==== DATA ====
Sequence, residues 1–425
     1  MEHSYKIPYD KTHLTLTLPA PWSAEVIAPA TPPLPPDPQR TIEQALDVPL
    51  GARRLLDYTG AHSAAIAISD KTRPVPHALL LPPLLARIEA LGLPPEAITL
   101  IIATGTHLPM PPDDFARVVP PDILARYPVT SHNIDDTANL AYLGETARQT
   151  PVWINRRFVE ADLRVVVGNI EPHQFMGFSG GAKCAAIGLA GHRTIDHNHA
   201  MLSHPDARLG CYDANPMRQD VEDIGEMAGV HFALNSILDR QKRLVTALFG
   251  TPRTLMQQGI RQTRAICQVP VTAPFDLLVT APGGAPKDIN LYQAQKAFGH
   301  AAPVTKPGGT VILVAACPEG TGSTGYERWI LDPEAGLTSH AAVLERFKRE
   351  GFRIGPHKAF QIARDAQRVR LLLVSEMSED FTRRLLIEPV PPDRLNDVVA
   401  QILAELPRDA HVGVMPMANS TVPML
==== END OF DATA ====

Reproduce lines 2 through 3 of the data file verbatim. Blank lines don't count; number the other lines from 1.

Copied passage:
     1  MEHSYKIPYD KTHLTLTLPA PWSAEVIAPA TPPLPPDPQR TIEQALDVPL
    51  GARRLLDYTG AHSAAIAISD KTRPVPHALL LPPLLARIEA LGLPPEAITL